5 Big Discoveries About Leadership in 2012
Just some of year's bigger ideas in developing leadership.
Posted Dec 28, 2012
Bad management appears to be an epidemic, costing the economy a total of $360 billion every year in lost productivity. 65% of employees say they would take a new boss over a pay raise, and 3 out of every 4 employees say their boss is the most stressful part of their job.
It’s not like we’re not trying: according to the American Society for Training and Development, in 2011, U.S. firms spent about $156 billion on corporate training. Against this backdrop, what have we learned in 2012 that might help us improve the quality of leadership? Here are five of the bigger findings.
1. Why incompetent leaders keep getting hired
Unfortunately, narcissism doesn’t equate with leadership success. Studies suggest that overconfidence can often have a detrimental effect on an individual’s performance and decision-making. An arrogant boss is simply bad for business. This is because they do not mentor their employees nor do they motivate their team enough to benefit the organization as a whole. This contributes to a negative workplace atmosphere. Organizational psychologist and professor Stanley Silverman of The University of Akron and Michigan State University developed a measure of arrogance, called the Workplace Arrogance Scale (WARS) to help organizations differentiate between narcissism and competence before they experience a costly impact.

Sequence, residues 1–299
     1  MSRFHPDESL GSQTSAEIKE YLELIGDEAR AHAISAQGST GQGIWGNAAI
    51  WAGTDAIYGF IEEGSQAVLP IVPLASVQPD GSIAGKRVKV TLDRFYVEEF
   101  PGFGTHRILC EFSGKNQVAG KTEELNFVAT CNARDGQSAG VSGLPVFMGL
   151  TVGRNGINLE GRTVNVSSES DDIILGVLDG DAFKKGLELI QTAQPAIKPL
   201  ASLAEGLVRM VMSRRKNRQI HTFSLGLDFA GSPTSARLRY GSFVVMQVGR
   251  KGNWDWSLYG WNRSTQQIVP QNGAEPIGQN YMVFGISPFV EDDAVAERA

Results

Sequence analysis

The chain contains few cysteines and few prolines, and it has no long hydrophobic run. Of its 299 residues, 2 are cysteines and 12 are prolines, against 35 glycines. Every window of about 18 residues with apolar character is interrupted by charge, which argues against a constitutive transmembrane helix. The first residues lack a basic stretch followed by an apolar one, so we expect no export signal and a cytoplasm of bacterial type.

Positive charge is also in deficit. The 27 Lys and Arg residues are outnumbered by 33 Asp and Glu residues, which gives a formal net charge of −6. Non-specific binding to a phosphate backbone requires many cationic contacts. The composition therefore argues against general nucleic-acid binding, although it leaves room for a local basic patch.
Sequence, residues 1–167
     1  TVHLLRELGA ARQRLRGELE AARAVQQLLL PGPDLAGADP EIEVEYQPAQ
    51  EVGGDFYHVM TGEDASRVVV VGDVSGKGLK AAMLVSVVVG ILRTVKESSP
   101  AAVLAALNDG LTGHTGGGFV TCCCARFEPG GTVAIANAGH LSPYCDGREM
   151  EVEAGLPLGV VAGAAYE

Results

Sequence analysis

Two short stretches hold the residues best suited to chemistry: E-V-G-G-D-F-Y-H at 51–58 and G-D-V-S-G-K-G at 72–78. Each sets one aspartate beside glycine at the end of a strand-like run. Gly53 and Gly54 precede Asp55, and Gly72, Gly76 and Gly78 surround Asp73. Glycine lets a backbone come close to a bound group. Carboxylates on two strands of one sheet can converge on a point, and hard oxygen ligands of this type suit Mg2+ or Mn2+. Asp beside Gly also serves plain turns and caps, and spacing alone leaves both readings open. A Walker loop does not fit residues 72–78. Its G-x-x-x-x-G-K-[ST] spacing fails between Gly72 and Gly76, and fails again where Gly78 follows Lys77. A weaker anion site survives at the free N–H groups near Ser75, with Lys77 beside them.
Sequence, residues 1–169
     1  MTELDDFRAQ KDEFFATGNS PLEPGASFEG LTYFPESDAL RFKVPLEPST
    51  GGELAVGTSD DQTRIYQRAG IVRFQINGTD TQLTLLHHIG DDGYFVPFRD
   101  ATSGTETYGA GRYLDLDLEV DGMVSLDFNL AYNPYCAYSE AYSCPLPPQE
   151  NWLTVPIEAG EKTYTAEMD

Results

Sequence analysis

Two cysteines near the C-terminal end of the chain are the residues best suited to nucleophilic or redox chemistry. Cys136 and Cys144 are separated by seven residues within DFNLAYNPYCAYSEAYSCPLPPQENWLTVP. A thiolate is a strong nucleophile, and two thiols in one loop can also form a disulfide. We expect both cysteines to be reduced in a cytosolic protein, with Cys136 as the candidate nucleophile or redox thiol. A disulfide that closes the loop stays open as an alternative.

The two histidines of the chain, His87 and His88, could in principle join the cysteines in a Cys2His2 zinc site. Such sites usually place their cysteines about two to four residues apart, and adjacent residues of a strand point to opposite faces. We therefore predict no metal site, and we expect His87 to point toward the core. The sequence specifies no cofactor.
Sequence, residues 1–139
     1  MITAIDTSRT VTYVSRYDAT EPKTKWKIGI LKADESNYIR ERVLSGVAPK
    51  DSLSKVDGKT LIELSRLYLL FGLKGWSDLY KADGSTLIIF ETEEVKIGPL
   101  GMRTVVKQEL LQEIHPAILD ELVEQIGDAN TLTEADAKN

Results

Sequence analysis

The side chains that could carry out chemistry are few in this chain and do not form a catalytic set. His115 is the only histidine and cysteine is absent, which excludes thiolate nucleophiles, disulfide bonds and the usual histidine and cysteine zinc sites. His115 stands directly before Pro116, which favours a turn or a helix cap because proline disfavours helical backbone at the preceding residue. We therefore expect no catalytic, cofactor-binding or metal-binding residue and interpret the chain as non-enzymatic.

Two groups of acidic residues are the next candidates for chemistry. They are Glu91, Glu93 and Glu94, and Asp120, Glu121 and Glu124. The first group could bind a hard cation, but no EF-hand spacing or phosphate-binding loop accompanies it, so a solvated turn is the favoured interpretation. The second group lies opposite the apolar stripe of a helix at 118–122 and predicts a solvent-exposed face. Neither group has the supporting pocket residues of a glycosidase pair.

If overconfidence is a natural tendency for some, employers must recognize this as a potential flaw rather than an asset. Good interviewers look out for these tactics, and know how to look past them.
2. More women increase a team’s smarts
A key researcher in this space is Dr. Christopher Chabris of Union College. To measure collective intelligence, Chabris divided 700 volunteers into small groups to work on tasks that required collective decision-making and collaboration. In the end, three factors were found to be consistent in the teams with the highest rate of intelligence: the ability of group members to read and respond to other’s social cues, an open climate with an even exchange of ideas from all members, and lastly, the number of women in the group. Groups with more women were found be more intelligent due to the fact that women tend to be better at reading social cues.
While teams can impact an individual’s performance negatively, with increased costs of collaboration, invisible delays, conflicts with formal work processes, the reality is that much work today requires a team. Understanding the elements that make teams (rather than individuals) smarter may be a key to improving the quality of management.
3. To increase engagement, share more information
One company using radical transparency is Qualtrics. Qualtrics CEO Ryan Smith believes it alleviate the distractions, fears, threats, and negativity that hinder concentration. He thinks it helps increase focus and engagement, and helps grow the right talent because we can all truly dig in to see people’s performance.
From a neuroscience perspective, this makes sense. As Dan Radecki explained at the recent NeuroLeadership Summit in NYC, “Our brains work best when we no longer feel the need to hide, cover up our mistakes, or dwell on errors. We do better when we aren't mentally bogged down in a "threat response" worrying about which of our colleagues is the boss' "flavor of the month," getting a hasty promotion, or badmouthing our work”.